But let’s back up and place this in context.
The risk of developing a blood clot in women of childbearing age is relatively small.
There is a much higher risk of developing a blood clot when pregnant or within the immediate postpartum period.
Thus, an obese woman on the combined method, without any other medical condition, is actually safer from blood clots than an obese, pregnant woman.
*Progesterone-only methods are preferable for overweight women to avoid the risks of blood clots.
So, if you are overweight and wondering what method is best to use given the safety and effectiveness issues mentioned here – don’t be worried.
The choice of method is very individual, and the presence of many options is a plus rather than a cause for uncertainty.
Concerning safety, as long as you have no other risk factors, you can use any of these methods, though, as we note above, they have different safety profiles.
Overweight ladies should first choose those with the lowest risk.
Regarding effectiveness, you can also use any of these methods depending on your health background, preference and availability.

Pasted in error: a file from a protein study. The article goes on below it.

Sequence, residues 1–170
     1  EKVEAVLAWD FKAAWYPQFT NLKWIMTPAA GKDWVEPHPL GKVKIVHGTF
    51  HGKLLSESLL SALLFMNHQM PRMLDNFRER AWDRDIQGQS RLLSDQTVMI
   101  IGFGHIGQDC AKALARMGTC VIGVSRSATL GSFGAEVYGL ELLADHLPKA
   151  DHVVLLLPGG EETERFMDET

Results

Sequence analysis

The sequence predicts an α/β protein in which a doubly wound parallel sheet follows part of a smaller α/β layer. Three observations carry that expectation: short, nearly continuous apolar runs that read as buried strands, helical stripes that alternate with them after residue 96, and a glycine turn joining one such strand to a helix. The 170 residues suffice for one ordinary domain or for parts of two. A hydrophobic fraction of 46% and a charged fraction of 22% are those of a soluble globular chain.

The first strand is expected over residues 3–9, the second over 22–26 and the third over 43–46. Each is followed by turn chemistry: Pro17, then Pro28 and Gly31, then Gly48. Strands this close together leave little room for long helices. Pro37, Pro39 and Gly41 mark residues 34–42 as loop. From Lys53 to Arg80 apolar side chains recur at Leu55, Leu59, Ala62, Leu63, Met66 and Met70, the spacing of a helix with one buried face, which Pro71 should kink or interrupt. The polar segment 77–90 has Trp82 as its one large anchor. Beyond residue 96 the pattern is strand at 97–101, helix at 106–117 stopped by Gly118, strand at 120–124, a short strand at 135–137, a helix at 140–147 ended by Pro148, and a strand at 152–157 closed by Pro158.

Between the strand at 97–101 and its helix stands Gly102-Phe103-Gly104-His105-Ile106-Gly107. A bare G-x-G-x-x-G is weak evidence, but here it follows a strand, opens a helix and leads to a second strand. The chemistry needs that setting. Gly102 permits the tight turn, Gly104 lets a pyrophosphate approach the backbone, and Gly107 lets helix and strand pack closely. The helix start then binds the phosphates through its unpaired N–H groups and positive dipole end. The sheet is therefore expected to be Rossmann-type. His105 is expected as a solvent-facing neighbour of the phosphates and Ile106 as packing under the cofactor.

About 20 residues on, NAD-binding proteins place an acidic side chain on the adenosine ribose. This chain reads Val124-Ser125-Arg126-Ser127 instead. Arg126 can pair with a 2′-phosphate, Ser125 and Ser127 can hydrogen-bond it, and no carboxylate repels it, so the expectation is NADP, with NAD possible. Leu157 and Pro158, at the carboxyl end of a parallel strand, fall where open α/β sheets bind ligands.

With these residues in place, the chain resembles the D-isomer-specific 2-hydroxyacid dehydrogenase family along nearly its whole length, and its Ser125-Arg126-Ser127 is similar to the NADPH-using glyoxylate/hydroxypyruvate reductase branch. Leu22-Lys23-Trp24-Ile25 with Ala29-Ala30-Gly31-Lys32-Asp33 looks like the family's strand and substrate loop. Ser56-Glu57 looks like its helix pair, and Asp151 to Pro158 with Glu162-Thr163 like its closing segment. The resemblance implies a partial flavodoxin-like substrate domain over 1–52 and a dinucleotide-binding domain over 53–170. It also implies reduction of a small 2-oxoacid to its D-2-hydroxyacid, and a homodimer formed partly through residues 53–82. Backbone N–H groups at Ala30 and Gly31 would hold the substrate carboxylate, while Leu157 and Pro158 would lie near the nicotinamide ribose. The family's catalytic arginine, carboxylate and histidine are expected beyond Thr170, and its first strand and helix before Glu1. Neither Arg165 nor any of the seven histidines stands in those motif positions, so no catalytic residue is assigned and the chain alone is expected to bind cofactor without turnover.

Also, recall that using any of these methods is better than using none when preventing unplanned pregnancy.
With that said the research does indicate the patch to be less reliable among the regular short-term options, so you should go for longer-acting methods like the IUD, implant or Depo shot.
You can use the combined or mini pill or ring if that is your preferred option, but bear in mind reports of slightly less effectiveness with the combined pill and its higher risk of blood clots.
If you go with the patch, consider using a condom to boost your chances of protection.
Suppose you are over 70kg or have a BMI of 26 then according to the UK’s Leading authority on reproductive health, the FSRH, the most effective method is the Copper IUD inserted within 5 days of UPSI if it is appropriate for you.
If that is not appropriate or acceptable, then the Ella (Ulipristal) single-dose pill is an option you can use.
Finally, the last option is the LNG MAP we commonly know as Levonelle, Take Action, plan B Post Pill, and so on.
Commonly, it is thought that the standard dose of these pills is not effective in women over 70kg or a BMI >26. Thus, the recommendation is to double the dose of the LNG pills if you are overweight and are taking them.
But is this double dose guaranteed to work?
Recent studies suggest even the double-dose LNG pill may not effectively prevent pregnancy in overweight women, but we still need more work to confirm this.
Meanwhile, if you are overweight and choose the LNG pill, the double dose is safe and a better option than nothing.
We hope this answers your questions about birth control safety for overweight women.
If you need further clarification, please reach us here.
Editing by AskAwayHealth Team
All AskAwayHealth articles are written by practising Medical Practitioners to help promote quality healthcare.
The advice in our material does not replace a qualified healthcare practitioner’s management of your specific condition.